Using poetry as a way of healing and transformation can help us return to wholeness, and this is done by both reading and writing poems. In many indigenous and tribal cultures, illness amongst its members is considered a community issue, and when healing occurs as a group, it can be even more powerful. In How to Read a Poem, Peacock says that we are sometimes “attracted to a poem because it makes us feel as if someone is listening to us.” What the reader feels is, “Wow this poem is about me; it’s expressing exactly what I’m feeling.” This opens up a certain magic to the reader.
Poetry therapy has become increasingly more commonplace in clinical practice, mainly because writing poems is a wonderful way to get feelings on the page as a way to capture and tap into what is going on inside. It’s especially useful for those who tend to be more introverted and have difficulty verbally expressing themselves. Humanist psychologist Rollo May says in his book, The Courage to Create, that we write poetry for our delight and deepening, and as a way to enlarge the meaning in our lives. It is also a powerful means of self-expression which can lead to transcendence, transformation, and growth.
Tips on Writing Poetry
The best poems begin with a powerful feeling, image, or event. The specificity and vividness of the language in a poem are what make it poignant to read. It takes a lot of courage to write poetry because it’s writing that comes from the heart. It’s about letting go of the rational mind and allowing sensations and emotions to take over. To do this, it’s important to be in touch with all five senses when writing; readers should be able to imagine what the poet sees, hears, smells, tastes and touches. For example, when describing a perfume, consider whether it’s musty, floral, or pungent. Detailed writing also uses metaphors and refrains from using clichés. For writers, this is known as showing instead of telling.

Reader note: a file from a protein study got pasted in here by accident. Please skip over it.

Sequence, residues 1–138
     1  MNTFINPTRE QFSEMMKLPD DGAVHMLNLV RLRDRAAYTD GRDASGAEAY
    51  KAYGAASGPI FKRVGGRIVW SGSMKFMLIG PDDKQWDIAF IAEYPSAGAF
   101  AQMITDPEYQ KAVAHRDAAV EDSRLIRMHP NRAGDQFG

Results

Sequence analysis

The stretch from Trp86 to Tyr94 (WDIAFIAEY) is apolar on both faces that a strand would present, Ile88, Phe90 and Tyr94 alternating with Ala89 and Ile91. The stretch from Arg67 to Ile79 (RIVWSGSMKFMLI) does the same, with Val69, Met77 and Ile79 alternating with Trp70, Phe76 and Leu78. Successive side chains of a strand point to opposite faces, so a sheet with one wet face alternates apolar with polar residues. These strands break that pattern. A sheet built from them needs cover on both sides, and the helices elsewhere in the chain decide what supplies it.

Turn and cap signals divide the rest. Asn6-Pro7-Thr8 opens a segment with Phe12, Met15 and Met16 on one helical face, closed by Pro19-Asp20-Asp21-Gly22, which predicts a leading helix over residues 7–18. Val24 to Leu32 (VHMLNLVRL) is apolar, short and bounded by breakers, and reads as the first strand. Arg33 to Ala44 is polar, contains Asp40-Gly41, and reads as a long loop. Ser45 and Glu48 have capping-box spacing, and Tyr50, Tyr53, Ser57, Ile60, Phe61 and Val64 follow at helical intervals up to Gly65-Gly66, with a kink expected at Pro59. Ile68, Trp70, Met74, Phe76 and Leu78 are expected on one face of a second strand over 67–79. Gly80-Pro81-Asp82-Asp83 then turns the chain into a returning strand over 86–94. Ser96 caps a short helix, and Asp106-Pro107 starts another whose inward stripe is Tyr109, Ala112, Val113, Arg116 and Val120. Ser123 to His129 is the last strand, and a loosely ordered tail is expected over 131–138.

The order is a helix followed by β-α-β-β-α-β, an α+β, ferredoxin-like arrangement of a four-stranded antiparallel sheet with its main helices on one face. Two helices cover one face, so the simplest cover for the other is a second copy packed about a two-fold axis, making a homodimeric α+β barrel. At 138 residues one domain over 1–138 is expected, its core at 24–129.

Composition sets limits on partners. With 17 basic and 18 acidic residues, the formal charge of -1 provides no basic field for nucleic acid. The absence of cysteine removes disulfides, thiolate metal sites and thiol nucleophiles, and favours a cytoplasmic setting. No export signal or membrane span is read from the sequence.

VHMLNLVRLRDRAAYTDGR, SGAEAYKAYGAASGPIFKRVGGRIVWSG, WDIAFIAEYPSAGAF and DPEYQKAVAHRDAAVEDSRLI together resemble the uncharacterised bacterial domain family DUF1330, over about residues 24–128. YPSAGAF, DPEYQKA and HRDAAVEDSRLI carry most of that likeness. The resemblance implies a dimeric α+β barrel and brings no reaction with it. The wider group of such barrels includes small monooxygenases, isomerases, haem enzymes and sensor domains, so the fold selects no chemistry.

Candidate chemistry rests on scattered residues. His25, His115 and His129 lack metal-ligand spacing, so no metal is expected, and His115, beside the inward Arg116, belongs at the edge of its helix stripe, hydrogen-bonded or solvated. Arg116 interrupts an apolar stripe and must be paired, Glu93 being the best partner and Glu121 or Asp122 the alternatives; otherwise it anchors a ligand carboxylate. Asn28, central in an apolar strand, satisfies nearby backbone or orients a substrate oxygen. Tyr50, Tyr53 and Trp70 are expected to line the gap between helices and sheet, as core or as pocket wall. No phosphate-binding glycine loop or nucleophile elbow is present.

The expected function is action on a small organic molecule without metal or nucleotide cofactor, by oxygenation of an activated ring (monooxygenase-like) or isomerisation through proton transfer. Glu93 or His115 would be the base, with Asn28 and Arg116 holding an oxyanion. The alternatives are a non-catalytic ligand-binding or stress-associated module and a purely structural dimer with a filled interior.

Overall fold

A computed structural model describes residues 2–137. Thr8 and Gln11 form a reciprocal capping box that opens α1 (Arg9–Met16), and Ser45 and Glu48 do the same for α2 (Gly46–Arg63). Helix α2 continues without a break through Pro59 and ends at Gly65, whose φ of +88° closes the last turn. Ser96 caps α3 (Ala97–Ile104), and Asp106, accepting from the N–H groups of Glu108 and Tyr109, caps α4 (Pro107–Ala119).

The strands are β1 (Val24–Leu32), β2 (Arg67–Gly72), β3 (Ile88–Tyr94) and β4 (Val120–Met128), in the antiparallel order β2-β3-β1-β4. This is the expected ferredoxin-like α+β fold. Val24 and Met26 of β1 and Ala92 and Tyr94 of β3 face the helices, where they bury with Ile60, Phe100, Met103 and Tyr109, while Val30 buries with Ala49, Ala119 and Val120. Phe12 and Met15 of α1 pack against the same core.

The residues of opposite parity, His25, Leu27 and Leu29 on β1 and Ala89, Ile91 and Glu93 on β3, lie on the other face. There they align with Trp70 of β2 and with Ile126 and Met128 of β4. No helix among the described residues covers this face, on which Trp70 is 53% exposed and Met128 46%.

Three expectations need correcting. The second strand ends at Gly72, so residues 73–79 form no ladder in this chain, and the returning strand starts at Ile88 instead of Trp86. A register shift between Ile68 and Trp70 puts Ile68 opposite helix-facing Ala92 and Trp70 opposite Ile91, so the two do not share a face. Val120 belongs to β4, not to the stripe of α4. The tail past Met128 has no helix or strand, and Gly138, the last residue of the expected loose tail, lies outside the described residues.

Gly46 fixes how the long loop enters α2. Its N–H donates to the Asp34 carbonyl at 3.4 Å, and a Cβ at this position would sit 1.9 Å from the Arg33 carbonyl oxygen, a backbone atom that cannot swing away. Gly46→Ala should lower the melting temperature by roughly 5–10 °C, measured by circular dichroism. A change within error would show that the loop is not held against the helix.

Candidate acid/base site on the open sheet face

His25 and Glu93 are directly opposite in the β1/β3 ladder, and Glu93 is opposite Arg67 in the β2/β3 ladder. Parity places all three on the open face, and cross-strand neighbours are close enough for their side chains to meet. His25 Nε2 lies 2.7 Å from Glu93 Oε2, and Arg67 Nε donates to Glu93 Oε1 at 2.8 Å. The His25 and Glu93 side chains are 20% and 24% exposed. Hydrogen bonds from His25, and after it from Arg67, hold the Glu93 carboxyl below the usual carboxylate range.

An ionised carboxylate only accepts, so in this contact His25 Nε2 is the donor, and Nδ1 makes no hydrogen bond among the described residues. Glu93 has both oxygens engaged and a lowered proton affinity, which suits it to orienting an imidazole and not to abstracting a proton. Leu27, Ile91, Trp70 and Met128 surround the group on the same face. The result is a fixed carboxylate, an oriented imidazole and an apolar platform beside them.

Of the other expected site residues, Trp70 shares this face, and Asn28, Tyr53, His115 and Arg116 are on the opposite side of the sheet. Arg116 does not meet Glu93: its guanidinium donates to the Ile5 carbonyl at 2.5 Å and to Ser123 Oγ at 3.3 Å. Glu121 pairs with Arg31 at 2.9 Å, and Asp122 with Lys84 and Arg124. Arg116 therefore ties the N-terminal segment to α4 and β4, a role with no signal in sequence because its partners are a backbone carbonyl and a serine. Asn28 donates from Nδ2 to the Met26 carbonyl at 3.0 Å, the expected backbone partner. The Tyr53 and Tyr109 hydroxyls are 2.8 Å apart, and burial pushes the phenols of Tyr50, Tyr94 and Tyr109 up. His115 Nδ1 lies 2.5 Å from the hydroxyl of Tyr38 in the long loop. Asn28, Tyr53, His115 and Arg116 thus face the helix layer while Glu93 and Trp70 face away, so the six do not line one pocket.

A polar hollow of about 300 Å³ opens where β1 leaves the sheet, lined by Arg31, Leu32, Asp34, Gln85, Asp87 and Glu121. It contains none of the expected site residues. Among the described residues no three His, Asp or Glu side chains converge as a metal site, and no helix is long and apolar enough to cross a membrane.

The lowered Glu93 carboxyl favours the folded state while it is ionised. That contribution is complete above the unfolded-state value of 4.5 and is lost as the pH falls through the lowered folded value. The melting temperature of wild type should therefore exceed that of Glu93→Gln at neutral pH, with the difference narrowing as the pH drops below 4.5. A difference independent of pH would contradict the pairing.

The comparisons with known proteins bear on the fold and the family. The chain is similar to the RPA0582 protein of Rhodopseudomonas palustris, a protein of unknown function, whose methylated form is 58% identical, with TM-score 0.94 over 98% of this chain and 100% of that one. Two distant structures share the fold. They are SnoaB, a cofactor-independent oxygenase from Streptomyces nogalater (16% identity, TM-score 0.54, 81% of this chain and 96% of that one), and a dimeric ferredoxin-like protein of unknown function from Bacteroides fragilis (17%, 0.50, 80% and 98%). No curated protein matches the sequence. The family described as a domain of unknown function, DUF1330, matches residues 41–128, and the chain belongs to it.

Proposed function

Poets sometimes refer to the word duende, which is a Spanish word referring to the spirit or quality of passion and inspiration. When it comes to writing poetry, duende is about writing with soul or in a heightened state of emotion. Poems written with duende can make you laugh, cry, or reflect, and in one way or another give you a sort of bodily reaction (e.g. chills).
In poetry, every word is critical. The best poets master details such as specificity and clarity in their writing. For example, instead of using “tree,” they’d write “elm tree.” Or, instead of saying, “bird,” they’d use “robin.” The idea in poetry is to create an image with words. If you want to start creating these images, then begin with an idea or thing and take it from there.
Writing Prompt: At the top of your page, write, “I confess” and write a poem on something you feel strongly about, incorporating into your words a deep sense of that passion. Remember to create an image with your words and try to include all of your senses and just keep writing to see where the poem goes.
Chavis, G. G. (2011). Poetry and Story Therapy. Philadelphia, PA: Jessica Kingsley Publishers.
Freeman, M. (1993). Rewrite the Self. London, England: Routledge.
May, R. (1975). The Courage to Create. New York, NY: W.W. Norton.
Peacock, M. (2011). How to Read a Poem. New York, NY: Riverhead Trade.
Raab, D. (2017). Writing for Bliss: A Seven Step Plan for Telling Your Story and Transforming Your Life. Ann Arbor, MI: Loving Healing Press.